Health & Medicine

Heroin Abuse Skyrockets Among Women, Middle Class

Jul 19, 2015

The Centers for Disease Control and Prevention released a new study that more women and individuals in the middle class are becoming addicted to and abusing heroin. Many experts cite the expensive price and difficulty of obtaining prescription painkillers as the reason. 

In it’s most recent study, the CDC found that heroin usage is up sixty percent in women and sixty-three percent in the middle class. Shane Fletcher is a Counselor at Mt. Regis Center for substance abuse.

As state lawmakers decide whether to mandate abuse-deterrent formulations for opioid medications in health insurance plans, an expert makes one thing clear: Americans have a huge problem with pain and don't manage it well. As a result, billions are being spent on pain-relief drugs that often lead to addiction. Some are urging lawmakers to do something to mitigate those costs.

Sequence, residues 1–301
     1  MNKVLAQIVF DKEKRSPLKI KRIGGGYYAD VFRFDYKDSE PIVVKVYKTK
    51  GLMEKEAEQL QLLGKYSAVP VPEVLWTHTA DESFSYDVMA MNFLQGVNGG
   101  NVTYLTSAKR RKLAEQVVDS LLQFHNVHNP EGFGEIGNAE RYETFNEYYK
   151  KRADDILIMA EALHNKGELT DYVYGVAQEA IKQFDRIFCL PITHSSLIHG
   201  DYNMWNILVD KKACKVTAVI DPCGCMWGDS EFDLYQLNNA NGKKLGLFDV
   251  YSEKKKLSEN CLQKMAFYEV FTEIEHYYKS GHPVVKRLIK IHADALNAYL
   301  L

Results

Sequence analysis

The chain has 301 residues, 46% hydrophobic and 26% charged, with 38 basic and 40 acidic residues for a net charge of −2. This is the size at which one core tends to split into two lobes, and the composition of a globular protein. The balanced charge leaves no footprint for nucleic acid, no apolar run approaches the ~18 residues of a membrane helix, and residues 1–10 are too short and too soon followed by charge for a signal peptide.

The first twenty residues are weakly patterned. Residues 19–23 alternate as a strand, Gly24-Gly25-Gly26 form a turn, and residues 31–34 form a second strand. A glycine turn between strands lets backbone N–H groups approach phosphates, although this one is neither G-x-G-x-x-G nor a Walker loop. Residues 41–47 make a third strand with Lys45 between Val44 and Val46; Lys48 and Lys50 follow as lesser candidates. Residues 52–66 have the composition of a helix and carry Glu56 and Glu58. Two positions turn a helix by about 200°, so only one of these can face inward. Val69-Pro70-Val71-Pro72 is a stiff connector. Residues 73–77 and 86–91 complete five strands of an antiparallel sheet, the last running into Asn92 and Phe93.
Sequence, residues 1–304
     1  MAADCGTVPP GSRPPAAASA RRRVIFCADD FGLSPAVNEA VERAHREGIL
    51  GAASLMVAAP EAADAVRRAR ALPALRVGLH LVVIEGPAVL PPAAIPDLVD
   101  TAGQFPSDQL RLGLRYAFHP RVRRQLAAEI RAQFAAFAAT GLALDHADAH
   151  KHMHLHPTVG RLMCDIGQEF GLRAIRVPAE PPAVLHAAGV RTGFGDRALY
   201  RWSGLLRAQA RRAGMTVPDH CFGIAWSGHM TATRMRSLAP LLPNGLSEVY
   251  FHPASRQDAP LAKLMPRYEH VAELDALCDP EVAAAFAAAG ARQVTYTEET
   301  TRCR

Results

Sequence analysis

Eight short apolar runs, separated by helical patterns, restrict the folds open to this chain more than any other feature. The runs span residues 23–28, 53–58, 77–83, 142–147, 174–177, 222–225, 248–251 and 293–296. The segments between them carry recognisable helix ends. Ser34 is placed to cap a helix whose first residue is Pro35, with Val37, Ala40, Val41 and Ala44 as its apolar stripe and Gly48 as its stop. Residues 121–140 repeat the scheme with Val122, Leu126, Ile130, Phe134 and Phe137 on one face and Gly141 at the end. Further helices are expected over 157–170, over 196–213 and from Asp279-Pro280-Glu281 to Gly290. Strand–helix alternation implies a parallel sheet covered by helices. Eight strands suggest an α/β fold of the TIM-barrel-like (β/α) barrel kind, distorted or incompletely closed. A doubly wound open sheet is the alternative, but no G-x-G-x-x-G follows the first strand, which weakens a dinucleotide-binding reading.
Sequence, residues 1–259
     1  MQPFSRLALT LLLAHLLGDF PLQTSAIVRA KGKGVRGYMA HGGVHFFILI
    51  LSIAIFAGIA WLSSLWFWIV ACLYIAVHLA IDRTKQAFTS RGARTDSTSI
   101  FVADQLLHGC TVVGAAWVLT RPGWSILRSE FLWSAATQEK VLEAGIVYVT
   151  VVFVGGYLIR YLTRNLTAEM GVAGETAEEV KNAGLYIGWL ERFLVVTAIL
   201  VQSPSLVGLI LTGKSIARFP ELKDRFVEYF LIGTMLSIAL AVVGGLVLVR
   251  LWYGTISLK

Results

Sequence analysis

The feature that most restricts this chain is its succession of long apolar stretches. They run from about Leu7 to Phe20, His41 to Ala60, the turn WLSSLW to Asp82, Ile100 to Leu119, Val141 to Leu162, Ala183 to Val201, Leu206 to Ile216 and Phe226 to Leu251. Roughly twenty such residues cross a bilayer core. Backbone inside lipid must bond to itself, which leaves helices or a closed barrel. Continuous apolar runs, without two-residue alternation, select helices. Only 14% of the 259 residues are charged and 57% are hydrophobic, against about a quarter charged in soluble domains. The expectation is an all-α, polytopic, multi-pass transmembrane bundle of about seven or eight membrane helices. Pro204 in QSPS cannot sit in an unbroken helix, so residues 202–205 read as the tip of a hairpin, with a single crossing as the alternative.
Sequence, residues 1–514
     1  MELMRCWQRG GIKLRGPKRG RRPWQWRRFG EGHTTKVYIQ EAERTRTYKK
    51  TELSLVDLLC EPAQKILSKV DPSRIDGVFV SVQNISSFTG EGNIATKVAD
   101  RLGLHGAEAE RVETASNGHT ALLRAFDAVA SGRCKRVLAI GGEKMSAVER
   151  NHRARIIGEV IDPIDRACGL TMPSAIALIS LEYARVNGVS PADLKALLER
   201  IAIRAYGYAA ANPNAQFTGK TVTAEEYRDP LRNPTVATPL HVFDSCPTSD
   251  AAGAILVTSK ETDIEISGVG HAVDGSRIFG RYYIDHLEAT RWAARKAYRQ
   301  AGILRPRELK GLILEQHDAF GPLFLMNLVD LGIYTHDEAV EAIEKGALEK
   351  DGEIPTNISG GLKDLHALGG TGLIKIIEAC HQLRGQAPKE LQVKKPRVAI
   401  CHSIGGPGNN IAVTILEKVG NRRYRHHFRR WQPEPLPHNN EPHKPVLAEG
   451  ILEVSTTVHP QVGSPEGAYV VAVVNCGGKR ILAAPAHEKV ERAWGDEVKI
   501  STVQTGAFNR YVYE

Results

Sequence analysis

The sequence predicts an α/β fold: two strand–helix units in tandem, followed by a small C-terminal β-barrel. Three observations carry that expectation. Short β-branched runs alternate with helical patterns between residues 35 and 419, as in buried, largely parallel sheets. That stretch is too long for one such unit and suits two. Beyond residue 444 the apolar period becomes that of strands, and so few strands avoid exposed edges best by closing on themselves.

Rising healthcare costs have prompted the state to try something new. 

Instead of relying solely on doctors and nurses to keep people healthy, the Department for Aging and Rehabilitation has been offering workshops for those with chronic diseases – teaching them how to manage diabetes, high blood pressure, chronic pain and other problems. April Holmes, Coordinator of Prevention Programs, says participants meet for two and a half hours each week, for six weeks, to explore better ways of caring for themselves.

The 'Kitty Hawk Moment' for Drones

Jul 16, 2015
Flirtey

This weekend is the 16th year the Remote Area Medical Team will be in Wise County Virginia providing free dental, medical, and vision care to people. And it’s the first time a drone will deliver medicine to the site.  It’s a real world test of how drones could deliver medical help to people in remote areas. 

Jon Greene is acting associate director of the Mid-Atlantic Aviation Partnership at Virginia Tech. He says when it comes to UAS, Unmanned Aircraft Systems commonly known as drones, the main concern is safety for people on the ground.

Linking Depression to Genetics

Jul 16, 2015
https://creativecommons.org/licenses/by/2.0/

Scientists at Virginia Commonwealth University report a major breakthrough in our understanding of depression.  After five years of planning, more than three years of study and another year of analysis, they’ve found genetic  variants in people at increased risk for this common psychiatric disorder.

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